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Johnson Nabs 14th at Michigan

CHARLOTTE, N.C. (June 20, 2002)—Team Lowe’s Racing had another strong NASCAR Winston Cup Series showing in Sunday’s Sirius Satellite 400 at Michigan International Speedway in Brooklyn, Mich.

Unfortunately for rookie driver Jimmie Johnson, a near accident with three laps remaining cost the Lowe’s team another top-five finish.

“We started the race out really strong,” said crew chief Chad Knaus immediately following the race. “Jimmie was especially strong in the turns and made up a lot of ground in a hurry. We were in the top five within the first 20 laps and were gaining on the leaders in a hurry.

“We knew it was only a matter of time before we’d be up front.”

Once in the top five, Johnson remained calm, taking his time maneuvering through the leaders, and by lap 50, Johnson was in second place, gaining ground on race leader Dale Jarrett.

“The Lowe’s Monte Carlo was in great shape today,” explained Johnson in a post-race interview. “At times we were a little loose here or a little tight there, but the race car always seemed to come back to me on the long runs.

“Once again, Chad and the No. 48 crew put me in great equipment and I was able to drive it to the front.”

On lap 161, Johnson took the lead and gained a valuable five-point bonus. After taking over first place, the rookie began building a comfortable margin as Knaus and the team asked him to start conserving fuel whenever possible.

“With 40 laps remaining, we knew that everyone was going to need to make one more stop,” explained Knaus. “We asked Jimmie to drive smart and conserve fuel as much as possible. On the last stop, we elected to just take a splash of fuel not knowing that the caution would come out a few laps later and allow some teams to take on tires with just five laps remaining.”

Following Team Lowe’s pit stop on lap 186, Johnson was solidly in second place gaining a little ground on race leader and eventual winner Matt Kenseth. He was also building a comfortable lead over the third-place car of Ryan Newman.

On lap 194, the No. 21 of Elliott Sadler made contact with the wall, sending out a late-race caution. Unlike last weekend, NASCAR elected to red-flag the race, bringing the entire field to a halt on the backstretch.

When the race resumed with five laps remaining, six teams on the lead lap elected to pit and take on new tires. The Lowe’s team elected to stay out with great track position, knowing that it had one of the fastest race cars all afternoon.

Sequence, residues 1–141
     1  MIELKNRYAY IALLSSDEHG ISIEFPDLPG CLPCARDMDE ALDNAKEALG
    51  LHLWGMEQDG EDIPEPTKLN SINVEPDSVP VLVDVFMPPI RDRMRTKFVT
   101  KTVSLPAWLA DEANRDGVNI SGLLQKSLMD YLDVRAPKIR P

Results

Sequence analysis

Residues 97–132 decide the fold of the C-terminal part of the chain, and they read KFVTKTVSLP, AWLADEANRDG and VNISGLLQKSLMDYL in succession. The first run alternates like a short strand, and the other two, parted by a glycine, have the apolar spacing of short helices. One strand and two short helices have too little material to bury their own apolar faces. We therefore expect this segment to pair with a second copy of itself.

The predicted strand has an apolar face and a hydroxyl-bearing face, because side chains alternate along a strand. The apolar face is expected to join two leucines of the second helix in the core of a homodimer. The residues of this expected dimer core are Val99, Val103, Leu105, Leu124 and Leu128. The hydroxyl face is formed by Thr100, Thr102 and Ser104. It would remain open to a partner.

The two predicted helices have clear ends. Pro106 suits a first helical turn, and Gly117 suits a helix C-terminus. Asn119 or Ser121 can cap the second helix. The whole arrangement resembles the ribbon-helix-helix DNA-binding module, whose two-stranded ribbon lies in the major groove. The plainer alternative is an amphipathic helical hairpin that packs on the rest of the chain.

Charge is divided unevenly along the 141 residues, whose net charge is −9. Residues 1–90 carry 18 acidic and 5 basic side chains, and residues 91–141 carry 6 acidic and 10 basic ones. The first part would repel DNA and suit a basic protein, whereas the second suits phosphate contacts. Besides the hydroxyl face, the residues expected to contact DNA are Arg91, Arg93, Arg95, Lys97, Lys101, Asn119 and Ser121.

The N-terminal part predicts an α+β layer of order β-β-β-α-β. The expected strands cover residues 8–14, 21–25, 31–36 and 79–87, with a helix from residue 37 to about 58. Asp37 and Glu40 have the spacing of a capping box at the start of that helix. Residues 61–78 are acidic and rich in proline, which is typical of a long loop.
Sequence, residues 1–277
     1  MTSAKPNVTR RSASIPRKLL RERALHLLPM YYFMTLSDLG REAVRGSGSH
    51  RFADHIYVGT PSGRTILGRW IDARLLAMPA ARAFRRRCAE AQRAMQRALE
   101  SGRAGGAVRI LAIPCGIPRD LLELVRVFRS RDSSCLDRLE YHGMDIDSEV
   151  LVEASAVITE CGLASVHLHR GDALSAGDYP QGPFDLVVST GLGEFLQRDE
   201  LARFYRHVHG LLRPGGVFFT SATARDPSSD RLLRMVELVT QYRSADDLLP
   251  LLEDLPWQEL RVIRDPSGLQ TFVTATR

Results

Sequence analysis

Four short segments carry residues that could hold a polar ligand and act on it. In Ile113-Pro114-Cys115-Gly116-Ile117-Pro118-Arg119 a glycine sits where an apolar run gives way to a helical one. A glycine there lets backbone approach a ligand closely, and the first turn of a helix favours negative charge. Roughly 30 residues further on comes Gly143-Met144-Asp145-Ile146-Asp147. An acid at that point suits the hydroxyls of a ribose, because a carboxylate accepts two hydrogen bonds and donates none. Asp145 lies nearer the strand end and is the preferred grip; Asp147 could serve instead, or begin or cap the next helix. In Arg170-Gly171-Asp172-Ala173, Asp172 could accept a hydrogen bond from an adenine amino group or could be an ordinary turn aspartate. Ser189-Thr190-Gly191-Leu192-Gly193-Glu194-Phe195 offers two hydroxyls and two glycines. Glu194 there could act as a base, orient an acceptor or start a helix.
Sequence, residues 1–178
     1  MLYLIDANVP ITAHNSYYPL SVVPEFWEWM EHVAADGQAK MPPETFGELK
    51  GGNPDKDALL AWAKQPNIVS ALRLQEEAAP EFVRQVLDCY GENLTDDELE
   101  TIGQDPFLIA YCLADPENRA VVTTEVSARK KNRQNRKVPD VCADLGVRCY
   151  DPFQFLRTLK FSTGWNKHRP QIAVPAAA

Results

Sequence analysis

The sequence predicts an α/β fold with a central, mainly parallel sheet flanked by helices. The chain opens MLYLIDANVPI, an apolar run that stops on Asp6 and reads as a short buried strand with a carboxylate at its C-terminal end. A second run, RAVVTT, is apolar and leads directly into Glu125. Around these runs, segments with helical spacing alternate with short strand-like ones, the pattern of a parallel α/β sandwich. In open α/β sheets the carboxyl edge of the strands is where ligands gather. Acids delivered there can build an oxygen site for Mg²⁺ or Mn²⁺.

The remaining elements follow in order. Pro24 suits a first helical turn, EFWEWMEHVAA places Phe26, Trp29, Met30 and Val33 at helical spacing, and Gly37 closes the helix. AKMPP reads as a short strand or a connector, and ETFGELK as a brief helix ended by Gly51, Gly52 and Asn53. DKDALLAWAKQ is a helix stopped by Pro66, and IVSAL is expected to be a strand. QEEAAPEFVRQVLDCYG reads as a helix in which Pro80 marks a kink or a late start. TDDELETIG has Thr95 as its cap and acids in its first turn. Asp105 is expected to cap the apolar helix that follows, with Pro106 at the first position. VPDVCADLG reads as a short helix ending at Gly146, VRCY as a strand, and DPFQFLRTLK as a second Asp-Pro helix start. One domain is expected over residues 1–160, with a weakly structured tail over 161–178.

When the green flag dropped with four laps to go, the Chevy Monte Carlo got a good restart and gained ground on Kenseth as the No. 12 of Newman darted inside of Johnson, trying to take over the second position. Once alongside the Lowe’s Chevy, Newman got loose and almost made contact with the No. 48.

The near collision forced Johnson off the gas and high on the racetrack, taking away valuable momentum and allowing other teams to gain track position on the Lowe’s Chevy.

“Newman bonzied it off on the bottom and got loose and collected me and shot me up the track and when that happened it broke my momentum,” said a discouraged Johnson. “There are so many cars in line and so much momentum carrying everyone that I could never get back in line and get back going.

“We were really tight and we were trying to hold our own there after we came out of the green-flag stop. But when it went back to green like that in traffic and everything that was going on we were just too tight. Once my momentum was broken, I was kind of drifting backwards at that point.”

Team Lowe’s Racing remains in second place overall in the Winston Cup standings following Sunday’s 14th-place finish, tied with teammate and car co-owner Jeff Gordon. Johnson gained 26 points on series leader Sterling Marlin and leads the Raybestos Rookie of the Year competition, 26 points over second place.

Team Lowe’s returns to its driver’s home state of California this Sunday for the Dodge/Save Mart 350 at Sears Point Raceway in Sonoma, Calif. Johnson captured a victory earlier this season at Califronia Speedway in Fontana, Calif., the first of his career.

The race is will be broadcast live on the FOX television network (2:30 p.m. EDT) and PRN radio affiliates (2:15 p.m. EDT).


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